Family of convicted murderer 'realistic' about appeal
A man who has spent nearly four decades in prison for a crime he says he didn't commit is feeling calm and confident but realistic about his appeal being heard in Australia's highest court.
Derek John Bromley and an accomplice, John Karpany, were jailed for life for the 1984 murder of Stephen Docoza after his body was found floating in Adelaide's River Torrens.
Since his conviction, multiple appeals have been dismissed but Bromley has always maintained his innocence.
His latest appeal is based on new psychiatric and psychological evidence which his lawyers argue make the account given by the prosecution's central witness Gary Carter unreliable.
Mr Carter had a schizoaffective disorder and Stephen Keim SC, representing Bromley, argued this meant there was an "extremely high likelihood" that his account of events was inaccurate.
On Wednesday, Mr Keim stepped the High Court through various inaccuracies in Mr Carter's account and how it differed from multiple police officers and a taxi driver on the night.
He said the new psychiatric evidence stressed Mr Carter's account could only be accepted if every part was corroborated, which had not occurred at the trial.
"What the jury was asked to do, what the trial judge directed them to do, is not able to be replicated in the face of new supplementary evidence," Mr Keim said.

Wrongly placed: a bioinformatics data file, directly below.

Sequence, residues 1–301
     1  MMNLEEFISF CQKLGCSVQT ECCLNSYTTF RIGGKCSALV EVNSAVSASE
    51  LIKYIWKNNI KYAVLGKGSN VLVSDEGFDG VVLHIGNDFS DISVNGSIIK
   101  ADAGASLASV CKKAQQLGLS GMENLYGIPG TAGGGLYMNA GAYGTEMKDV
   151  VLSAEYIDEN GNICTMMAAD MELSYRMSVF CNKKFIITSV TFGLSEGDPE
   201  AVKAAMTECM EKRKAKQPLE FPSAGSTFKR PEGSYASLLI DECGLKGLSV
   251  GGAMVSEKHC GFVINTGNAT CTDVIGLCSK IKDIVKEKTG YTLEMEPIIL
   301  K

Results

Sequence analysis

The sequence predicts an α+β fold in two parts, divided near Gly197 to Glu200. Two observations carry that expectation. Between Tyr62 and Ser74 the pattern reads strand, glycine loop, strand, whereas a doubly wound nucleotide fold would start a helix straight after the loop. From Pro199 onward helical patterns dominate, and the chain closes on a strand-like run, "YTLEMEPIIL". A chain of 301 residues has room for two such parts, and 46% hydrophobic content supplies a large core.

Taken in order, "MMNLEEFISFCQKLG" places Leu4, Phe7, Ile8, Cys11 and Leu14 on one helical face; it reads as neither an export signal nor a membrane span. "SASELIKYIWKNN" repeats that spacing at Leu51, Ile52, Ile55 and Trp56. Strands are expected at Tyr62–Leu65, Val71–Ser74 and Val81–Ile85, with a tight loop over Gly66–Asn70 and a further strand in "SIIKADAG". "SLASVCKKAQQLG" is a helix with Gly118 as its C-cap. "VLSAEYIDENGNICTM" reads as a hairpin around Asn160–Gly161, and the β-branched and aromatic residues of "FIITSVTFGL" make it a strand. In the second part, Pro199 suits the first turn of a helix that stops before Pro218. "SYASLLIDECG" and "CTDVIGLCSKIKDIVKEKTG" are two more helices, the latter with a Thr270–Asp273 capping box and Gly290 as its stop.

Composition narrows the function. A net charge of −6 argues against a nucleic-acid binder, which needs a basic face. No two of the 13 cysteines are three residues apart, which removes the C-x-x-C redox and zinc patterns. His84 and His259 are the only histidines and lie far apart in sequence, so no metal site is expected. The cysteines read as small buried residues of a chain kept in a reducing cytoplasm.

"There are so many contradictions ... Carter's memory is full of gaps.
"At every point (Carter's account) is not corroborated and it's not corroborated by anything that is incriminatory of Bromley."
In 2018, three SA Court of Criminal Appeal justices dismissed Bromley's application to appeal after ruling the new evidence about the key witness was not compelling.
But Mr Keim argued the lower court ignored medical evidence that Mr Carter's schizoaffective disorder was likely to make him suggestible and therefore unreliable.
He said the new evidence was clear and uncontested but the lower court had misstated it as something it could ignore.
Mr Keim argued if the matter was put to trial today, the court would have a better understanding of Mr Carter's medical condition and the judge would need to give different directions to the jury.
Bromley's brother's former wife Robyn Milera, who has campaigned for his freedom for more than 20 years, attended proceedings on behalf of the family who were not able to travel to Canberra.
She spoke to Bromley on Tuesday morning and said he was feeling confident but also realistic, considering appeals processes have failed in the past.
"There's been many setbacks along the way, so we're prepared for anything," Ms Milera told reporters.
"But I do have confidence that the High Court will apply the law.
"Derek (told) me that he knows exactly what it is to be disappointed, to fail and to have to get back up and keep going."
Ms Milera said the appeal was a critical opportunity for the family to heal from the trauma of his conviction.
"Derek's made a stand that, when you analyse it and think about it, is absolutely extraordinary," she said.
"He's not for a moment given up or stopped believing that eventually he would get a good result.
"He's said, 'I know I didn't do it, but I didn't get a fair trial', and that's what the legal question is."
The matter is being heard by five High Court justices over two days. The Crown will present its case on Thursday.
Bromley has been in prison since 1985, having been denied parole because he has maintained his innocence throughout.